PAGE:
Also here you can apply this to the commodities market. You will have a better chance with over performing in a niche market like tin, tungsten or uranium than iron ore or coal. But as for every rule there are exceptions. For example, after the big fall in the oil price after 2014, a lot of the workforce had to leave the sector. After investment interest went down in the sector, competition among investors to find the best investments also went down.

3. Strive to be a monopoly

This point is about how you should not compete against other companies. You should be without competition as much as possible. By doing this you prevent the competition from eating away your profits. By doing this companies like Google can focus on improving, and creating new features which the customers will get advantage from.  

I do not apply this to the companies by themselves, but more the sector by itself when it comes to commodities investing. The sector has to be the only solution for their customers. There should not be an easy substitute for them.

The uranium sector is the only source of fuel for the nuclear plants. There is no substitute for uranium to keeping them running. That is why, when the circumstances are right, the price utilities have to pay does not matter.

If you want to solder circuit boards you need tin. Tin is the glue metal. Before you could use lead for soldering, but due to regulatory requirements, plus the health and environmental benefits, tin is the only real alternative now. 

Conclusion

This is something one must try to do with more than this example. From every aspect of your life you might have something you can transfer to another situation. From football you might have to learn to keep cool under pressure, from long distance running you might learn patience and perseverance. All things you can transfer to the rest of your life and maybe to investing. A lot of great things can happen if you go from zero to one.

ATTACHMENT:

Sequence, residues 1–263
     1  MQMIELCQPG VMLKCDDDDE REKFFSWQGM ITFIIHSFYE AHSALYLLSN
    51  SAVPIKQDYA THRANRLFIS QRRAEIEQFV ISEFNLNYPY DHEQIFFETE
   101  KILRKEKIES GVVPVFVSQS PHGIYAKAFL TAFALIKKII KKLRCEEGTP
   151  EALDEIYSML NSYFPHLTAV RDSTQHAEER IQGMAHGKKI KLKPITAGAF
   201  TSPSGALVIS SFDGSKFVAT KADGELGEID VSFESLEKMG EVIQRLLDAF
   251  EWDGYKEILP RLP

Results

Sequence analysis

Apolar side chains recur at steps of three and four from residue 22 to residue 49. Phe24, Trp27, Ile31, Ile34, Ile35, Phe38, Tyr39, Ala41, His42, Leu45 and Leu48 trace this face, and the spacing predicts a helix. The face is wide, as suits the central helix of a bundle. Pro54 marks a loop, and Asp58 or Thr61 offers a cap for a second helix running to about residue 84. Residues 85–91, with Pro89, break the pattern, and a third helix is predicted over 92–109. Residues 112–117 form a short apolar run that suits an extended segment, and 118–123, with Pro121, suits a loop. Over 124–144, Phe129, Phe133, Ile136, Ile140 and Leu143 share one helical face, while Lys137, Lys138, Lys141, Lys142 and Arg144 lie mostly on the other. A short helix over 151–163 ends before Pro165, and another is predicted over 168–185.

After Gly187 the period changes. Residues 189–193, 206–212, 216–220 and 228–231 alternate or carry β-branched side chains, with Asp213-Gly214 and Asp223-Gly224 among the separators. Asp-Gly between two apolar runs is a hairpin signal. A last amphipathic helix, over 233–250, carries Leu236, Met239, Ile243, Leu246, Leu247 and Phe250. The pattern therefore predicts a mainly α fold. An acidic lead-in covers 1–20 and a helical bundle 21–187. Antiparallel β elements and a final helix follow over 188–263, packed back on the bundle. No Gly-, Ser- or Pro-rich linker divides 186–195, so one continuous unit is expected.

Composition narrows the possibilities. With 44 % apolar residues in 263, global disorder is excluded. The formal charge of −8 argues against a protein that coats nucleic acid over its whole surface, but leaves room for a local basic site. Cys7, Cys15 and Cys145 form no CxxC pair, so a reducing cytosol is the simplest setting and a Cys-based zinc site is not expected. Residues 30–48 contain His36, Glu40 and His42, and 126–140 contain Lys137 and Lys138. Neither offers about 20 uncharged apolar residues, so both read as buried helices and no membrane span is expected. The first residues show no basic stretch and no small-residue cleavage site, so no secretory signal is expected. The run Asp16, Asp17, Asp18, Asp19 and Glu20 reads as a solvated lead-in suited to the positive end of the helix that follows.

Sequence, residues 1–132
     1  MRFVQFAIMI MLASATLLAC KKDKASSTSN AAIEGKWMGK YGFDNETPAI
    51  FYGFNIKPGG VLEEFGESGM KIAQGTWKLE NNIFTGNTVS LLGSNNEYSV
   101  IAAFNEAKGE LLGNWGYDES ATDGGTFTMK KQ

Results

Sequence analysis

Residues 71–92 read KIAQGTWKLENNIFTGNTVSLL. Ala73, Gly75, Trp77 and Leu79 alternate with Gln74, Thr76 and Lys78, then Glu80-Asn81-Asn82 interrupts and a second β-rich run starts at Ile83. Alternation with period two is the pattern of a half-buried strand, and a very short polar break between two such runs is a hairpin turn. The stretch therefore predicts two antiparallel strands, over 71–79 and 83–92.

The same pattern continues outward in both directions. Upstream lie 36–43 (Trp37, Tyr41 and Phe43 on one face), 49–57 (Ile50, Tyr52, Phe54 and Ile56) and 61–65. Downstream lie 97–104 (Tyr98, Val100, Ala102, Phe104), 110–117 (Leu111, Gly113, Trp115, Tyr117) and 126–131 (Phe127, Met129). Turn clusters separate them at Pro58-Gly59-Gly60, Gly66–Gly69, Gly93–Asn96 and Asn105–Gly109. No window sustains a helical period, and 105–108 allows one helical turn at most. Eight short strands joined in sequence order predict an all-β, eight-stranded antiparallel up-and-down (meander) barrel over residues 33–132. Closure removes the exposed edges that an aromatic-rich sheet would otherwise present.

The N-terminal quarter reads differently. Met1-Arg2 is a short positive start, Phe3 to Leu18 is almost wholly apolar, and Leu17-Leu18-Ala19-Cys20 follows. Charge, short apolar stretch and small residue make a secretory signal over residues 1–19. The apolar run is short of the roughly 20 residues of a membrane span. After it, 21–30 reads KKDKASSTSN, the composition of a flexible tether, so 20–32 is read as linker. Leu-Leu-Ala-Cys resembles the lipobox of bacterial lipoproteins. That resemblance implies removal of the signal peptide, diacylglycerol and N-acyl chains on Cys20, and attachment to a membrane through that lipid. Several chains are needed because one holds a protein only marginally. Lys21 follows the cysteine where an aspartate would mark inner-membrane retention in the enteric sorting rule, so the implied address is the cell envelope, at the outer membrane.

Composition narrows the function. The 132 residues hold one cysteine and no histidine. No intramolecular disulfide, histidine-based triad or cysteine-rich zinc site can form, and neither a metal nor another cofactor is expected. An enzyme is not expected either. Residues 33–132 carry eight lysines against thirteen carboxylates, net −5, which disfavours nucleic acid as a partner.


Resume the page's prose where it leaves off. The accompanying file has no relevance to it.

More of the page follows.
Common myths about gold

gold bars

If you bring up gold in casual conversation with people you can get a lot of reactions. You have some who love it as jewelry and want more of it. You have people who give it away for special occasions like weddings. You have gold bugs that talk about a financial collapse, and you have most of academia and the world of finance that call it a pet rock.

Gold has many opponents in the world of finance and academia. I therefore want to present the most common arguments against gold mentioned by James Rickards in the book “The New Case for Gold” (2016). Dispelling the most common myths about gold is just a small part of the book. I have mentioned James Rickards in a lot of my posts lately and I think more people should read his works. I recommend you start with The New Case for Gold if you want to get into his writing. If you like what you are reading you can start on his quartet of books on money with “Currency Wars” (2011). It is well worth your time if you want to know what the possible strategy of the central banks might be. You might say that his predictions are very dramatic, but we have seen very many strange things come to pass over the last year.

I

John Maynard Keynes said that “Gold is a barbarous relic”

(Gold belongs to the past)

First of all, Maynard Keynes never said this about gold. Keynes said “the gold standard is a barbarous relic” (Monetary Reform, 1924). He referred to the gold standard in Britain between 1922 and 1939. Britain, like many other countries, had abandoned the gold standard in 1914 to pursue an expansionary monetary policy during the First World War. When Churchill was Minister of Finance after the war, he tried to take the country back to the gold standard they had before the war again in 1925. The mistake he made was that he did this at the same gold price as they had before the war, even though the country now had a higher money supply. This resulted in deflation and a prolonged depression in the country long before the crash of 1929 in the United States. Had Churchill instead gone in for a higher gold price, much of this could probably have been avoided. In any case, it is a big difference to criticize a gold standard and not gold directly.